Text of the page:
News Briefs | June 13 edition

Local student recognized, Beachcomber wins in regional journalism contest, and more.

Local student recognized

Ryen Kirschner was named to the spring 2024 Dean’s List at Illinois Wesleyan University, which requires maintaining a 3.5 grade point average or higher.

Beachcomber wins in regional journalism contest

The Beachcomber earned an award this month in the Society of Professional Journalists’ 2023 Northwest Excellence in Journalism contest. The competition is one of the largest of its kind in the nation, in which newsrooms in Washington compete with their peers across Alaska, Idaho, Montana and Oregon.

In the contest, Beachcomber reporter Elizabeth Shepherd earned second place in the “Editorial & Commentary” category for her column “Writing about orcas? Dive deeper,” which advocated for more nuanced and thoughtful coverage of the intelligent and majestic creatures, with whom we share Puget Sound.

Editor Alex Bruell also earned two awards for his news coverage at the Federal Way Mirror prior to joining The Beachcomber in late 2023.

Knox slander conviction upheld in Italian court

On June 5, the Court of Appeals in Florence, Italy upheld a 2007 conviction of slander against Vashon Island resident Amanda Knox, the last remaining criminal conviction against her in the saga of her wrongful murder conviction over the killing of her roommate, British student Meredith Kercher, during a study abroad trip.

Knox was exonerated in 2015 of killing Kercher, but she remained convicted of defaming Patrick Lumumba, the owner of a bar where she worked part time, by wrongfully accused him of killing Kercher.

She appealed that slander conviction after a change in Italian law and a 2019 ruling by the European Court of Human Rights that her rights to a lawyer and interpreter were violated when Italian officials interrogated her. An Italian court in October 2023 overturned the slander conviction against Knox and ordered that she face a new trial.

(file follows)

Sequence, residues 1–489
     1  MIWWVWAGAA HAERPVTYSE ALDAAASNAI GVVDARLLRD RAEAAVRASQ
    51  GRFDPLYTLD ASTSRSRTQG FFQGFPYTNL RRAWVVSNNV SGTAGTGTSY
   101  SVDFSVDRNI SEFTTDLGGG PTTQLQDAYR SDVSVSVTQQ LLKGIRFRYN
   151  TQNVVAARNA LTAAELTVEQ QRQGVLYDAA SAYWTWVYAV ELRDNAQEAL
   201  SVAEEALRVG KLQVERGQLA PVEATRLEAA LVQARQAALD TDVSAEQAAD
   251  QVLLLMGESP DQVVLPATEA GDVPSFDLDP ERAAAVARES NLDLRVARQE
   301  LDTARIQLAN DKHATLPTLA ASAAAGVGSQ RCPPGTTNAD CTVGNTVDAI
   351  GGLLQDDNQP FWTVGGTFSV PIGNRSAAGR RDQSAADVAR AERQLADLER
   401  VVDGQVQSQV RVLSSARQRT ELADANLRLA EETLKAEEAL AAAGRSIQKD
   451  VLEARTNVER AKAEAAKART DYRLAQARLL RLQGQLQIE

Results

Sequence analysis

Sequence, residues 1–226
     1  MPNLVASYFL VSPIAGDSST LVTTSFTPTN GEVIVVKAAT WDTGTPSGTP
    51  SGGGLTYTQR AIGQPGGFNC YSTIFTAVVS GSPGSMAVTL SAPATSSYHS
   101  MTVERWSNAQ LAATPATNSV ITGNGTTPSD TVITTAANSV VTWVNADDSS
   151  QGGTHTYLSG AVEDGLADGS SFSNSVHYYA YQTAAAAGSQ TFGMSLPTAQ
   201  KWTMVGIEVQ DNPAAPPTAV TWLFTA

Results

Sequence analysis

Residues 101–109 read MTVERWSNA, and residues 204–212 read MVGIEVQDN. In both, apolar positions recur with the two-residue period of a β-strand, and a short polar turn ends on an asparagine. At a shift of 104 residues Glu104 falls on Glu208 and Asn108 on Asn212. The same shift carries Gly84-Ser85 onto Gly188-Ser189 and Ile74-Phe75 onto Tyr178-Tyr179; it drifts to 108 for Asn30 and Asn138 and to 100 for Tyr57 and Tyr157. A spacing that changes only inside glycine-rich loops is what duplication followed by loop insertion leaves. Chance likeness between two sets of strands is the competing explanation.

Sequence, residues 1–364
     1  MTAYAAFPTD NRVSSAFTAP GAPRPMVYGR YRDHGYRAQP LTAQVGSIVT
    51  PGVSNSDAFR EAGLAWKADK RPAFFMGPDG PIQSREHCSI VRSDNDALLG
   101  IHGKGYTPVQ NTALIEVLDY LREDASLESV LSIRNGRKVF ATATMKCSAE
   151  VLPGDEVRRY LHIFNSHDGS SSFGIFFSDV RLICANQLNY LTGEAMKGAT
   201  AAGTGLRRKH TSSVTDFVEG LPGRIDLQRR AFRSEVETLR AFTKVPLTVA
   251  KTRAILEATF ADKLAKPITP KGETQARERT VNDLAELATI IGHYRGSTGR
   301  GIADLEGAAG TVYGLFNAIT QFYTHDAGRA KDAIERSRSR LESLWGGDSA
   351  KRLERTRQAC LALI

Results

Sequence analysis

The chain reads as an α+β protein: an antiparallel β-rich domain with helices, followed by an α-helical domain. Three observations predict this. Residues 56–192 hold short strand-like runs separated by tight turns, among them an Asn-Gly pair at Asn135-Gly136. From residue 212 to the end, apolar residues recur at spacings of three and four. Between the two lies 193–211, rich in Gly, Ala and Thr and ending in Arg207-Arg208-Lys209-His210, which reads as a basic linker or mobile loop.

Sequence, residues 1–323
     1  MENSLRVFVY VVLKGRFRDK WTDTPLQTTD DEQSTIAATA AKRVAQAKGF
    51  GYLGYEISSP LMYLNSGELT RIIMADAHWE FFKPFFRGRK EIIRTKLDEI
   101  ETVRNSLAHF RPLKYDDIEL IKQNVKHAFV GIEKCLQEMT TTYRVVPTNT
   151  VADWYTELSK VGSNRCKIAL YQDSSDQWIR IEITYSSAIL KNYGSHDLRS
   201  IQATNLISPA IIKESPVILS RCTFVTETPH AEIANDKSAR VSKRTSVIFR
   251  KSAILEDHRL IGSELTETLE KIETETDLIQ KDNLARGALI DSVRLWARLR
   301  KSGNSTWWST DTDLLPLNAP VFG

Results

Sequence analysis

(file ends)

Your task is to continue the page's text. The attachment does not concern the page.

The two statements written by police that Knox signed, containing the accusation, were ruled inadmissible by the Italian court.

The only evidence allowed in her new trial was the recanting statement she wrote hours after signing the accusation, in which she stated that she was under extreme stress when she made her “confession” and was “very doubtful” of its veracity.

Lumumba spent two weeks in jail, released only after a witness provided an alibi for him. He has told the news media that the accusation ruined his reputation, forcing him to leave Italy and rebuild his career. Knox, who has lived on Vashon with her husband, Chris Robinson, since 2019, asked the court on June 5 to recognize that authorities bullied her into signing the accusation.

“Patrick was not just my boss; he was my friend,” Knox said in her statement to the court. “I would never knowingly accuse an innocent person, much less a friend, of a grave crime. … I feel terrible that I was not strong enough to resist the pressure from the police, and that he suffered as a result. At the first moment of reprieve from that pressure, I wrote this document to recant the statements I had signed under duress, and to remove any suspicion from Patrick. This document is evidence that a scared 20-year-old girl was lied to and abused by the police until she was psychologically destabilized enough to not trust her own memories.”

Knox has already served the length of her original slander sentence, so she won’t spend any more time behind bars from being re-convicted. She will continue to fight the conviction and plans to appeal the decision to the Italian Supreme Court, she said on her podcast Labyrinths.